Windows 10 users must upgrade this week or lose access to the internet

Millions of Windows 10 users are at risk of losing access to the internet unless they ditch one ageing app. In a few day’s time, Microsoft will be ending support for one of its most iconic pieces of software, Internet Explorer 11. IE11’s curtain comes down on June 15 with Windows users having to upgrade to Microsoft Edge to continue accessing the net.

If you thought this news won’t affect many people, think again. A new study has shined a light on the vast number of Windows users that will be hit by this huge change.

Research conducted by Lansweeper has revealed almost 47 percent of Windows 10 PCs still have Internet Explorer 11 installed, and they will need to switch over and upgrade to Microsoft’s newest browser Edge ahead of the fast-approaching end-of-life date.

The Lansweeper study used a huge sample size, with over nine million Windows devices from 33,000 organisations analysed.

Speaking about the findings, Roel Decneut, chief strategy officer at Lansweeper, said: “From our perspective, it’s not a complete surprise that only a fifth of the Windows 10 devices are on the latest version, or that Internet Explorer EOL will affect so many.

“There could be many reasons for organisations to delay upgrading, including being more conservative, having more pressing issues to deal with, or simply having no visibility into the version of operating systems they’re running. Organisations will need an overview of each device they own when Internet Explorer 11 support finally ends. Without this data, they’ll remain vulnerable.”

After June 15 the IE11 app will automatically redirect users to Edge. The Chromium-powered browser does have an Internet Explorer mode which will make the transition easier.

This mode will be available in Edge until 2029.

The study also highlighted other areas of concern for Windows users.

The research found over three quarters (79 percent) of analysed Windows 10 machines are running out-of-date versions of the OS, which opens them up to unpatched vulnerabilities.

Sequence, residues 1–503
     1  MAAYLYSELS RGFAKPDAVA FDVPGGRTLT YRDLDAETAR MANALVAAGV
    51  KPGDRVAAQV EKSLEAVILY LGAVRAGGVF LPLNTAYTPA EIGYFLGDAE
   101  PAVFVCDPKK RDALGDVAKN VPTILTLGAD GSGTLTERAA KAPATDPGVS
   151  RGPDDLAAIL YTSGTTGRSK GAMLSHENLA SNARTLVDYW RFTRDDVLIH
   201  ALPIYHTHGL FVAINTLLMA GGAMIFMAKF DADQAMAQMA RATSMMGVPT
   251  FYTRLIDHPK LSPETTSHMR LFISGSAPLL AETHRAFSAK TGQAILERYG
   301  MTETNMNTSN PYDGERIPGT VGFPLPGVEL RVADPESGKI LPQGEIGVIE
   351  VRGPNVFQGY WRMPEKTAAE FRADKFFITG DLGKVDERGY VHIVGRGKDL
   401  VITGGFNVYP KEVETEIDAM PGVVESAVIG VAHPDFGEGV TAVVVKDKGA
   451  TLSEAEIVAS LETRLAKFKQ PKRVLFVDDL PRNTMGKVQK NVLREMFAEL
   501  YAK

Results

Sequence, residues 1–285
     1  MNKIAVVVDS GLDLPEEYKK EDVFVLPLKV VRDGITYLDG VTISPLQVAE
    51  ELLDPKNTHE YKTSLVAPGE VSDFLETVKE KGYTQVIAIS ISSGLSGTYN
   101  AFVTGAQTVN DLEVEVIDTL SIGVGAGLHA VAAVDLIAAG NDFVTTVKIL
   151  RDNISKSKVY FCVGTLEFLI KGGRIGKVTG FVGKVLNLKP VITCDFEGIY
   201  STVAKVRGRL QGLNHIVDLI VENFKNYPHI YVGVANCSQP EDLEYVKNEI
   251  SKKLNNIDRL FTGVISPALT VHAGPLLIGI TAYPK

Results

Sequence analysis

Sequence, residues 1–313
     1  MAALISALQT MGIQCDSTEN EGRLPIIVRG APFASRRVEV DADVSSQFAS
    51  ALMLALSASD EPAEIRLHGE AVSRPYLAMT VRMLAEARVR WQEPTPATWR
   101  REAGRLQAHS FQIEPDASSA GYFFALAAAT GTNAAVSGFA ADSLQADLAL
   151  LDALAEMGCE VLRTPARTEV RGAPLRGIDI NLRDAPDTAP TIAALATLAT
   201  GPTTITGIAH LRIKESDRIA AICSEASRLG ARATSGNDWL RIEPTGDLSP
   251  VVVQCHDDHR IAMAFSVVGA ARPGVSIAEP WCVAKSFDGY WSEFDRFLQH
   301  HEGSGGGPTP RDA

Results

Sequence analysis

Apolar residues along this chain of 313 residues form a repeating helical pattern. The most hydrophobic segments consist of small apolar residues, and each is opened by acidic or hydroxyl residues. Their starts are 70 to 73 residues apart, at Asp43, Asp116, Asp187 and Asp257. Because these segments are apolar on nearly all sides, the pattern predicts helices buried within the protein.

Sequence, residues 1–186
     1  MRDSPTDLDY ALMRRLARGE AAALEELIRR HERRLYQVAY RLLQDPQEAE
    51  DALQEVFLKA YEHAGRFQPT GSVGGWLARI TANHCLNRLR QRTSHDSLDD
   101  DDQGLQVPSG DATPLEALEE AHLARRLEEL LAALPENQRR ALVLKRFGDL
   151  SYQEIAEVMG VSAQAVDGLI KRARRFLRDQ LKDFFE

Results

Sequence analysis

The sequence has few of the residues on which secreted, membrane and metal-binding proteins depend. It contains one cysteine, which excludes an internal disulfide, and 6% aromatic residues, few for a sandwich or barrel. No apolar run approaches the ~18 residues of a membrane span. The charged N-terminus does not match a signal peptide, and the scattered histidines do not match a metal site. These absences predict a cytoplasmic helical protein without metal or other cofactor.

While it also discovered that almost half (45 percent) of analysed Windows 10 PCs were capable of downloading the Windows 11 upgrade.

This shortfall in hardware requirements has led to just 1.44 percent of users upgrading to the latest version of Windows.

If you’re one of the Windows users who is still relying on IE11 for all their browser needs, you can prepare for the big switch over right now.

One important thing you might want to do today is import any data you have in Internet Explorer to Edge.

Microsoft explained how to do this in a recent blog post which reminded IE users of the upcoming swap-over date to Edge.

In it, the Redmond-based tech giant said: “We recommend that users import their data from IE to Microsoft Edge before your organisation’s internal IE retirement date. To easily import their data, users can copy and paste edge://settings/importData into the Microsoft Edge address bar, then choose “Microsoft Internet Explorer” from the selections under “Import from”. These steps are also included in the IE retirement end user adoption resources email series.”

Internet Explorer is one of Microsoft’s most iconic and long-standing pieces of software, and it will be the end of an era once the app gets shuttered.

In the early days of the worldwide web Internet Explorer was one of the most recognisable browsers around.

After the browser wars between Internet Explorer and Netscape Navigator in the 90s, the Microsoft software went on to become the world’s most popular browser.

It had a staggering 95 percent share of the market at one point and was the undisputed king until Google Chrome came along.

Microsoft’s Edge browser is a direct response to Chrome’s current monopoly on the market.

Edge is based on the same Chromium tech that Google’s browser is built upon.